A potential mechanism for selective control of cap-independent translation by a viral RNA sequence in cis and in trans
Miller, W. Allen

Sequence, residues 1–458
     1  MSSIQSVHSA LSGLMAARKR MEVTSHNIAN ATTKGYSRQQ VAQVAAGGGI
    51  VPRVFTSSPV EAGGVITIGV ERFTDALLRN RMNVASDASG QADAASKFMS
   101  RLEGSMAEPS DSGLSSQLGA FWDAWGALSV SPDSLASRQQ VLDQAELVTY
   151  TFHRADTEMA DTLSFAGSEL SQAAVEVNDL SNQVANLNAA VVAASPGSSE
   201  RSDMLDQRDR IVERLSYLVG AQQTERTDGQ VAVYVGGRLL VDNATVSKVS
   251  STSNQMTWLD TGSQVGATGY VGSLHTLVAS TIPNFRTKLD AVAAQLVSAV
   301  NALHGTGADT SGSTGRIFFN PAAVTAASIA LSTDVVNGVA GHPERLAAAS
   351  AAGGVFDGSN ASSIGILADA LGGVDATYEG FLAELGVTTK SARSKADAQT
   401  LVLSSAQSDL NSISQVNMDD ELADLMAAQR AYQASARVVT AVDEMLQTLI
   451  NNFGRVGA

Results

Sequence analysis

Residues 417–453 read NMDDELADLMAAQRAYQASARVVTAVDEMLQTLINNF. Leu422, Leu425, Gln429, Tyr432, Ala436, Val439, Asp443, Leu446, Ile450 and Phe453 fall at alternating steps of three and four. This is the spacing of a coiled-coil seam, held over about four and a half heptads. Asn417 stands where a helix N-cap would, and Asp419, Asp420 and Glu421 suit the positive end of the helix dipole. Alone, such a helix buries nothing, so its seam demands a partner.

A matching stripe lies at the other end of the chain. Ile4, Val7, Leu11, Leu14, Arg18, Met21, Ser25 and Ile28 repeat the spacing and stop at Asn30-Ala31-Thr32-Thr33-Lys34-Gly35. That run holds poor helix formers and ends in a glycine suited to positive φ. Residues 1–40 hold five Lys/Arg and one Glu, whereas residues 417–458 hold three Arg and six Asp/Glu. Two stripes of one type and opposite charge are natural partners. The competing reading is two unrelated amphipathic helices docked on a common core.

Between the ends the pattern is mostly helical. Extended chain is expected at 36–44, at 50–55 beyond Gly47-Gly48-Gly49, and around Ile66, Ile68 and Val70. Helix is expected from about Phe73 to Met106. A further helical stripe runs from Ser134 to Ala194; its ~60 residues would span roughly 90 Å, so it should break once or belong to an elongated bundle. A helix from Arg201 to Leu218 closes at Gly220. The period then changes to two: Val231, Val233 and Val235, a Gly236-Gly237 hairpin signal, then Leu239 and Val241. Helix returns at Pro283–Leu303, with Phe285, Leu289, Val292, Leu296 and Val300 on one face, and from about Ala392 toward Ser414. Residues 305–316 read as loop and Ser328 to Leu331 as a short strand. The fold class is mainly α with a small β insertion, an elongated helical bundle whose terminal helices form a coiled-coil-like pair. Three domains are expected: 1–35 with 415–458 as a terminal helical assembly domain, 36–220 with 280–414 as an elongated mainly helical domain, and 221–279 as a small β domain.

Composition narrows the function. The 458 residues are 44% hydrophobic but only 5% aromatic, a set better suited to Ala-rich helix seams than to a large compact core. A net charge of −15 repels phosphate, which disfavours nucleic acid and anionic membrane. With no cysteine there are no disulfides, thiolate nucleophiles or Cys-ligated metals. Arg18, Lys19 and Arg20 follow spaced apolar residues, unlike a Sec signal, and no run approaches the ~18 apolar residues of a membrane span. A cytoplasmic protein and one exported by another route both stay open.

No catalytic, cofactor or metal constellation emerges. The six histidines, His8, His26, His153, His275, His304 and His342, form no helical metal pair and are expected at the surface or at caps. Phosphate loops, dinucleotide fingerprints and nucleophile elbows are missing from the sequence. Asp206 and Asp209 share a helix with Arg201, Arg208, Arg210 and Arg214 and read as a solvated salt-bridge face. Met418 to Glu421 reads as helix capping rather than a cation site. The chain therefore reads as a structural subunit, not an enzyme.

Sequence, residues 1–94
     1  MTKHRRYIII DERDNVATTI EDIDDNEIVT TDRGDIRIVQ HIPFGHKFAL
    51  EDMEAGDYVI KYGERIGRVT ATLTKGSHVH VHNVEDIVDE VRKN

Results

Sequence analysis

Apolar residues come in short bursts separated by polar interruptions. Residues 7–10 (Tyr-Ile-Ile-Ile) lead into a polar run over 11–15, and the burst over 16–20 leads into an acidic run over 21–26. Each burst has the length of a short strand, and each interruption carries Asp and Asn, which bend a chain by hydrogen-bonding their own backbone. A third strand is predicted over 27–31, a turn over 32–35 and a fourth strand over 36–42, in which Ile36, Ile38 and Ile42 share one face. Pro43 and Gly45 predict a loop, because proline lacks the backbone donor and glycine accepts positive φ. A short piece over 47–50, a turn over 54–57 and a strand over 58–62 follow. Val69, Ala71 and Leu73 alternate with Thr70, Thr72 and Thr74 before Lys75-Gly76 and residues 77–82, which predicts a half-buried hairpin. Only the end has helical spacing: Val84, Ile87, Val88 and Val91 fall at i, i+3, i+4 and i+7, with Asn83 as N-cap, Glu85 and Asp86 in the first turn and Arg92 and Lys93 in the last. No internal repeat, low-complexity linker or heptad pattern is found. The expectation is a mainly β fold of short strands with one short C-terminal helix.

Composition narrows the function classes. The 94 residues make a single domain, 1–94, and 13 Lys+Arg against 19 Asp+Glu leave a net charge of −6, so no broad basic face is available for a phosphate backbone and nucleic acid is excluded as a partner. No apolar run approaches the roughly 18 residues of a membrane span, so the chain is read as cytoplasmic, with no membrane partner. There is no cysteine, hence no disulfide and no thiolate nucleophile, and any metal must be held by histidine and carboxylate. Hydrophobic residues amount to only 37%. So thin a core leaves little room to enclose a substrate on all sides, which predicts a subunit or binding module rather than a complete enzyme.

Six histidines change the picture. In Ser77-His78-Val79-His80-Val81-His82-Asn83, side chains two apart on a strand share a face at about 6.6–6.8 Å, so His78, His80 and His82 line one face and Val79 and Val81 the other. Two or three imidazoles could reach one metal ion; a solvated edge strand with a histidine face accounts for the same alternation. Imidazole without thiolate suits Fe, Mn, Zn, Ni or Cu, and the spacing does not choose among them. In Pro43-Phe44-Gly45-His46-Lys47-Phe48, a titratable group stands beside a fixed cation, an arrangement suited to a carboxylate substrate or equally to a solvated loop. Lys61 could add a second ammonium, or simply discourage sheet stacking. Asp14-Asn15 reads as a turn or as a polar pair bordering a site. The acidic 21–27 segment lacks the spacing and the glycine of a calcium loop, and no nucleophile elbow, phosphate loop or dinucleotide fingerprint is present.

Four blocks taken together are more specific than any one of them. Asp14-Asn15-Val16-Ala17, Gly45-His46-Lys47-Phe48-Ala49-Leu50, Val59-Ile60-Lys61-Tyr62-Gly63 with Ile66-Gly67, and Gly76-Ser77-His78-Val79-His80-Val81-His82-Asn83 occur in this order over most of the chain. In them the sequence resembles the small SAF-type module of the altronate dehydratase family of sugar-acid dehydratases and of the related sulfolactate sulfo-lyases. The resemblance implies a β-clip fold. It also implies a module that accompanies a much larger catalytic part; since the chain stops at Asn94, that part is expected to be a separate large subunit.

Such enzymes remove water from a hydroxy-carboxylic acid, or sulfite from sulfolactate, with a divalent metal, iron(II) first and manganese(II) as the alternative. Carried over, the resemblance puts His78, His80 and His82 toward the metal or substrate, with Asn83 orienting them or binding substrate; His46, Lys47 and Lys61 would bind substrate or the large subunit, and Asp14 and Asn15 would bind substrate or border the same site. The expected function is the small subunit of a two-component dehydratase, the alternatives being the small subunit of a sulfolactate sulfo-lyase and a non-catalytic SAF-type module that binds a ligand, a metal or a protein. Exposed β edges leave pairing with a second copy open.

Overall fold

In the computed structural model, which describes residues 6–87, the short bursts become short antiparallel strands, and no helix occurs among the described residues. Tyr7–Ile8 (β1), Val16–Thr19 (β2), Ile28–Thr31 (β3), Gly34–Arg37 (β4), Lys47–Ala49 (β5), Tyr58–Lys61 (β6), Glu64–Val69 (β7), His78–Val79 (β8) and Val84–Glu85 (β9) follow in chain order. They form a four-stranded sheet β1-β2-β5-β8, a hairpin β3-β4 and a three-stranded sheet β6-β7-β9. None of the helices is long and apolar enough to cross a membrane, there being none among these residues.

Highly efficient cap-independent translation initiation at the 5'- proximal AUG is facilitated by the 3' translation enhancer sequence (3'TE) located near the 3' end of barley yellow dwarf virus (BYDV) genomic RNA. The role of the 3'TE in regulating viral translation was examined. The 3'TE is required for translation and thus replication of the genomic RNA that lacks a 5' cap (Allen et al., 1999, Virology 253:139-144). Here we show that the 3'TE also mediates translation of uncapped viral subgenomic mRNAs (sgRNA1 and sgRNA2). A 109-nt viral sequence is sufficient for 3'TE activity in vitro, but additional viral sequence is necessary for cap-independent translation in vivo. The 5' extremity of the sequence required in the 3' untranslated region (UTR) for cap-independent translation in vivo coincides with the 5' end of sgRNA2. Thus, sgRNA2 has the 3'TE in its 5' UTR. Competition studies using physiological ratios of viral RNAs showed that, in trans, the 109-nt 3'TE alone, or in the context of 869-nt sgRNA2, inhibited translation of genomic RNA much more than it inhibited translation of sgRNA1. The divergent 5' UTRs of genomic RNA and sgRNA1 contribute to this differential susceptibility to inhibition. We propose that sgRNA2 serves as a novel regulatory RNA to carry out the switch from early to late gene expression. Thus, this new mechanism for temporal control of translation control involves a sequence that stimulates translation in cis and acts in trans to selectively inhibit translation of viral mRNA.